Queen’s Law is also partnering with the Boys and Girls Club to launch a camp this summer as a part of a larger project to target under-represented groups in recruitment and outreach efforts. “We want to create a pipeline for students who have been traditionally under-represented in law schools. This includes Indigenous students,” says Cole. “We need lawyers who reflect the diversity of our country’s population. We are a service industry. Our clients need to feel they are well represented by people who can understand and appreciate their interests. We can accomplish this by infusing greater diversity into the practice.” 

The summer camp will be offered to children between the ages of 11 and 13. As Cole explains, “educational research tells us that success in post-secondary education is determined in middle school when children are at the greatest risk of dropping out. Reaching out to them early and instilling in them an appreciation for law starts them thinking not only about university as a possibility but also about law school and the law as a profession.”  During the camp, youngsters will be introduced to the Canadian legal landscape, including Indigenous legal issues. “If we can get young people thinking about law and the impact it has on their lives then who knows, we may even inspire some future Queen’s Law students.”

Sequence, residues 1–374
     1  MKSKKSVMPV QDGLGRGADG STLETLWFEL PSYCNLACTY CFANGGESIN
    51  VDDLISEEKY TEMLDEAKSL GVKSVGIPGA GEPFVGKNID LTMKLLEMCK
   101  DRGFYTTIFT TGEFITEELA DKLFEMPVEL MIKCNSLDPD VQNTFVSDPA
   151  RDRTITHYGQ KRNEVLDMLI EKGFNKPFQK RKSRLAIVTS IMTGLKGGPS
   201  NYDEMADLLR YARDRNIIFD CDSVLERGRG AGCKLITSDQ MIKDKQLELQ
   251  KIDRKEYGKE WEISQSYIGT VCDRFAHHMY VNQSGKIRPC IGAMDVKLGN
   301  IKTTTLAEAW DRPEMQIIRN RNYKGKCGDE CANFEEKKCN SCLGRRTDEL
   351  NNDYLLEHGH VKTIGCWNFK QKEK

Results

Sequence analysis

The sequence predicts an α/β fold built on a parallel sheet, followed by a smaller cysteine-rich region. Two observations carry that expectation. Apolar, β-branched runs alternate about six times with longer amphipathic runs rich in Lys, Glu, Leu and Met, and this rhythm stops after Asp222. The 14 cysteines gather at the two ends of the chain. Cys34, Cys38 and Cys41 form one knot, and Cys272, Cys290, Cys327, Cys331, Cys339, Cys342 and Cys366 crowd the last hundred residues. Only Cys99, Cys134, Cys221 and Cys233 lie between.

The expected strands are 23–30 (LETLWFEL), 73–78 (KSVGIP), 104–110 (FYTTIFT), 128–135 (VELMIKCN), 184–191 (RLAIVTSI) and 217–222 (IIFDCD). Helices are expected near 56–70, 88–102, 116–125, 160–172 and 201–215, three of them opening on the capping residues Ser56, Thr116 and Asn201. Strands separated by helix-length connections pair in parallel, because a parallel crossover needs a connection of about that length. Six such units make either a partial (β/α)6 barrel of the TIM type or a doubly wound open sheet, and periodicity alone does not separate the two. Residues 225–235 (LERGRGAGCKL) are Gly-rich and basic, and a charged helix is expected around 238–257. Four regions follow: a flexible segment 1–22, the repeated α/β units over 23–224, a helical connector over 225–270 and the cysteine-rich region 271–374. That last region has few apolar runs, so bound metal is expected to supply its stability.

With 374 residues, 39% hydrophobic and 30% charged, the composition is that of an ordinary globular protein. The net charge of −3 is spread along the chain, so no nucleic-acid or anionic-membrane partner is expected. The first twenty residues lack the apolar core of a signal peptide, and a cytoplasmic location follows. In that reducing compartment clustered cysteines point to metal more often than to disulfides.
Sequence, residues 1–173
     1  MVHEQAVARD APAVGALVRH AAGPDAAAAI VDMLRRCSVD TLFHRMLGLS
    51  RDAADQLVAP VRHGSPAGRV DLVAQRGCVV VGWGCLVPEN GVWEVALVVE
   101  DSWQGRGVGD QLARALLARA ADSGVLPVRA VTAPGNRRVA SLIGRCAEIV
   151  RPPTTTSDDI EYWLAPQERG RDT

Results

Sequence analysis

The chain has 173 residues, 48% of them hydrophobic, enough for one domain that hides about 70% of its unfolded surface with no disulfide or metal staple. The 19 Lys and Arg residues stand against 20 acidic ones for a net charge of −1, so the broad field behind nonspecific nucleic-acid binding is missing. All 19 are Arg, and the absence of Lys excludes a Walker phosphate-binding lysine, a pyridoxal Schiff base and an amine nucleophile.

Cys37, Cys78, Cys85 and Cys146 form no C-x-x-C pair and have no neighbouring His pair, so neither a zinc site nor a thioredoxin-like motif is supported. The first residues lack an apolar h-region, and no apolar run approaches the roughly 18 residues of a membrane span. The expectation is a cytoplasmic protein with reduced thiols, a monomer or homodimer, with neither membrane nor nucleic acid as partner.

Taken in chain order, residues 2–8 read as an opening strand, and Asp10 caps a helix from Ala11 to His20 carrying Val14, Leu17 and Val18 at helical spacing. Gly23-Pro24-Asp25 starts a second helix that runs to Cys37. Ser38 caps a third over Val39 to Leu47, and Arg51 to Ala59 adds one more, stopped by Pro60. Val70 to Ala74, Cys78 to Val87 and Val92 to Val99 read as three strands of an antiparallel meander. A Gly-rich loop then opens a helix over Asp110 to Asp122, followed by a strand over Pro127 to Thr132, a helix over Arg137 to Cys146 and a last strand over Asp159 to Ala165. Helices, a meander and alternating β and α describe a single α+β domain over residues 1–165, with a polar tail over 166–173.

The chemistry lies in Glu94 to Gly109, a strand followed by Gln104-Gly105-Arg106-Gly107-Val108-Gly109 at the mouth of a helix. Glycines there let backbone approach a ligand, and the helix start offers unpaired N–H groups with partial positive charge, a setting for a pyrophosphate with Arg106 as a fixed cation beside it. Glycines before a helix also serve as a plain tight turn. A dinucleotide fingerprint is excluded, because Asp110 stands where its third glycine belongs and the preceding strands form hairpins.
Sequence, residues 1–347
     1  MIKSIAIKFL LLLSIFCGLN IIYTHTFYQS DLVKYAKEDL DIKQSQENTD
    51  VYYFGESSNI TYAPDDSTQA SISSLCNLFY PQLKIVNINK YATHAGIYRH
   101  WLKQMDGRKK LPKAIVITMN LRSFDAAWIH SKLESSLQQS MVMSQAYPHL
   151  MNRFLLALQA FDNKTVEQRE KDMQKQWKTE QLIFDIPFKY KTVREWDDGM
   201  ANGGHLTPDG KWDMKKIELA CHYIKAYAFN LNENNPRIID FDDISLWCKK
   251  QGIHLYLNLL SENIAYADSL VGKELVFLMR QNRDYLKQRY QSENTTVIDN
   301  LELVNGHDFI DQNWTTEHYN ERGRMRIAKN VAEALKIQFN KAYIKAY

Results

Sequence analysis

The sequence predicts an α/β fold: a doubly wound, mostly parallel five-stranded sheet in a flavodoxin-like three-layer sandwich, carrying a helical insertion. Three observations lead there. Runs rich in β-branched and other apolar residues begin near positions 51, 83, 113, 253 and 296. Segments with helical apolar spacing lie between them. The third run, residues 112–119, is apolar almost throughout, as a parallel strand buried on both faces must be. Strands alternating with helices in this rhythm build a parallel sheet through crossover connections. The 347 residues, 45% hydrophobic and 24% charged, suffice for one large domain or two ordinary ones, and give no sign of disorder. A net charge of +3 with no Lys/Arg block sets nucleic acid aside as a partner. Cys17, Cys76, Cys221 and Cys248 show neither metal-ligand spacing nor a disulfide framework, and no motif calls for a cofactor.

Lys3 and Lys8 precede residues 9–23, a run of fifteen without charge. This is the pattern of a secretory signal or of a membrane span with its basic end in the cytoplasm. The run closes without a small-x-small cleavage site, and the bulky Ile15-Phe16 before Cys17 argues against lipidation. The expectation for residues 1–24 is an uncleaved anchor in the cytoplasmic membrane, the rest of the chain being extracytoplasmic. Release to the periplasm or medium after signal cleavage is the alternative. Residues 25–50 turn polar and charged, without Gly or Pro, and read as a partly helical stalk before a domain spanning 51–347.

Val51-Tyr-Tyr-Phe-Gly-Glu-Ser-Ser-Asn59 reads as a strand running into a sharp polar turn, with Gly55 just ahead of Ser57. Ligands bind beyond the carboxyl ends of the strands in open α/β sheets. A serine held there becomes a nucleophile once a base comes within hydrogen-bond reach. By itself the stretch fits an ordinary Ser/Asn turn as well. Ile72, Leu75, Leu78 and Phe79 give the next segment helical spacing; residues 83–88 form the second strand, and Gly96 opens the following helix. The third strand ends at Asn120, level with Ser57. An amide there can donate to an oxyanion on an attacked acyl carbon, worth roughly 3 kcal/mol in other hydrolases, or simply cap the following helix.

With these types of initiatives, “We hope that Indigenous students will make Queen’s their law school of choice” says Cole. Last year, only one Indigenous student entered the law program, however, this year, that number has shot up to 10. “We have made a commitment not only to recruit more Indigenous students but to ensure we support them while they are here. They need to know that they are an integral part of the Queen’s Law community. We want our school to be inclusive and welcoming to all,” Cole concludes. “I hope that all students find community here.” 

By Michael Adams